Stress and Depression Vary by U.S Regions

According to health.com, the "state you live in may affect you state of mind."

This new report suggests that the rates of depression, stress and emotional problems differ according to geographic region.

Hawaii is the most stress-free state with only 6.6 percent of the people report frequent mental distress.

On the other hand, Kentucky is the most mentally distressing state with 14.4 percent if its people claiming frequent mental distress.

By frequent, that means "having 14 or more mentally unhealthy days during the previous 30-day period."

The results, which surprised the researchers, will be published in the June 2009 issue of the American Journal of Preventive Medicine.

What’s so surprising about the research findings is that it presented "such a broad range in mental distress depending on geographic location."

Lead researcher Matthew M. Zack, MD, of the Centers for Disease Control and Prevention (CDC) in Atlanta, says, "The occurrence of frequent mental distress in adults differs much more than expected among the residents of U.S. states and counties."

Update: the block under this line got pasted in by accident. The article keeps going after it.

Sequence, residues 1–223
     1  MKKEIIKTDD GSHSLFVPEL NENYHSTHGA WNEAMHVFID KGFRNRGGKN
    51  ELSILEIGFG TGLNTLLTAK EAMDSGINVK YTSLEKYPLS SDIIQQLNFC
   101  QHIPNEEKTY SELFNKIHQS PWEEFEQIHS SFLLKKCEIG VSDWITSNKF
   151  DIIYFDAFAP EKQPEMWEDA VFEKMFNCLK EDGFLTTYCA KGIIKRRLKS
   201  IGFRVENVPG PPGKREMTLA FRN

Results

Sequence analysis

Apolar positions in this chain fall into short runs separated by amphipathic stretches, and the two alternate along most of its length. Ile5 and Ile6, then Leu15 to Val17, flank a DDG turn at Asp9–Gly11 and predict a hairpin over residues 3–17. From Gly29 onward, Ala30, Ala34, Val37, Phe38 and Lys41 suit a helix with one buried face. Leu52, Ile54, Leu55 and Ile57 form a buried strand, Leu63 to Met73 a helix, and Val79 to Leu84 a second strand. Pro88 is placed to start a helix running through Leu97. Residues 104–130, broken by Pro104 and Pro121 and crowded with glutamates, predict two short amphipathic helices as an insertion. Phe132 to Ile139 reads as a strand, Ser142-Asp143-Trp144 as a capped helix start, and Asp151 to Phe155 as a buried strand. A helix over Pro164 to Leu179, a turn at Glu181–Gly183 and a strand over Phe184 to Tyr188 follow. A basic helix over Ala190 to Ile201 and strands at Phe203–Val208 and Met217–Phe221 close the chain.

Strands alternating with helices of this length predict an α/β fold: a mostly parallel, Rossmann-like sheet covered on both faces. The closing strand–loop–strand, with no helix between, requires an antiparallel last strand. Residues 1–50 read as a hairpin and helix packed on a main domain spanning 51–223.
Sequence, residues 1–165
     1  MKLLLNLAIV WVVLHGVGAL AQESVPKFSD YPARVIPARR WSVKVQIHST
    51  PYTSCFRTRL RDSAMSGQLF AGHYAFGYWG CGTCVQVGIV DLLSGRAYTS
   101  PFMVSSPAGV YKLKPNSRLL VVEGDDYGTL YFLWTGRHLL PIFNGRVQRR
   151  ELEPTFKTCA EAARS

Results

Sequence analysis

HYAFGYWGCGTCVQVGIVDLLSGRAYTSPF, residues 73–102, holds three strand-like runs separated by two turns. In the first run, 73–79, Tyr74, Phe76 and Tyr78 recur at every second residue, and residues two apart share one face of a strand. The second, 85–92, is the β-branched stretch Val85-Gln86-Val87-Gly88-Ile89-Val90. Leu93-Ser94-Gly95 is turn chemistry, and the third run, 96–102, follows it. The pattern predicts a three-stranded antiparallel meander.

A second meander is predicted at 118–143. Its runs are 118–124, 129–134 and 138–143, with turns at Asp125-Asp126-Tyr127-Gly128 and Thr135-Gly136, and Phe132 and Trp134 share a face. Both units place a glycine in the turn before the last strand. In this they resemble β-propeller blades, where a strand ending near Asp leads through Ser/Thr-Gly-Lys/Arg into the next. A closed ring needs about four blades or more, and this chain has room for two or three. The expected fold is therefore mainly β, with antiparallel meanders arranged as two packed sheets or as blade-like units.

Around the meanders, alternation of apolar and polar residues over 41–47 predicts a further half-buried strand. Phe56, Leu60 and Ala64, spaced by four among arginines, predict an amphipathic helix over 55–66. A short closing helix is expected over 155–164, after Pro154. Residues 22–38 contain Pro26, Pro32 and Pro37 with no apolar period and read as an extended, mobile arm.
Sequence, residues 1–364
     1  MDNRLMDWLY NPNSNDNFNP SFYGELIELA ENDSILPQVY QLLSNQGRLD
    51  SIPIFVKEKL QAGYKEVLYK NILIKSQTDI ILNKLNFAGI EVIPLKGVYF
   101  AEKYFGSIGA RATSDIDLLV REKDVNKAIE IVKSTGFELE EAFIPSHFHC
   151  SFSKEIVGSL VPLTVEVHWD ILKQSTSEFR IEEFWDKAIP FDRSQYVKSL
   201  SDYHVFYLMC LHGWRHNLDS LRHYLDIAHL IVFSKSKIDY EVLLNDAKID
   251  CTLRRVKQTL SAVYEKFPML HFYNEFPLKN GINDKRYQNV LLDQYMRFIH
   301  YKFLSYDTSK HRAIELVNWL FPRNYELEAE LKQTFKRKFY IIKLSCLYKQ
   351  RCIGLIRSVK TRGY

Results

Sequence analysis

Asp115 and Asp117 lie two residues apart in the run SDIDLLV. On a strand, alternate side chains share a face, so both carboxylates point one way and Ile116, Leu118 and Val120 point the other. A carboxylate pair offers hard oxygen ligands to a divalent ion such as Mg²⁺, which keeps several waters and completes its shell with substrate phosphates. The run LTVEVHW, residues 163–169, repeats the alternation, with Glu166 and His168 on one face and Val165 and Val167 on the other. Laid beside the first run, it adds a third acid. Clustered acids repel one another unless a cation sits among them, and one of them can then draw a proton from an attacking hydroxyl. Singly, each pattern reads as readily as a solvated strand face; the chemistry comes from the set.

Dr. Zack says that people who have frequent mental distress may have "treatable and preventable mental illnesses or problems and social programs or interventions may help."

In their study, the researchers analyzed rates of mental distress according to state among 2.4 million adults throughout two time periods – 1993 through 2001; and 2003 through 2006 – as part of the ongoing Behavioral Risk Factor Surveillance System study.

In general, the prevalence for frequent mental distress and through out both time periods was 9.4 percent, with the lowest rate in Hawaii and the highest in Kentucky.

The difference may be because people in some areas of the US are more likely to have "health problems like disability or diabetes, untreated mental conditions like anxiety or depression. Also, some areas have higher unemployment rates, risky behaviors including cigarette smoking and alcohol abuse, and /or social circumstances such as lower incomes. "

Source: health.com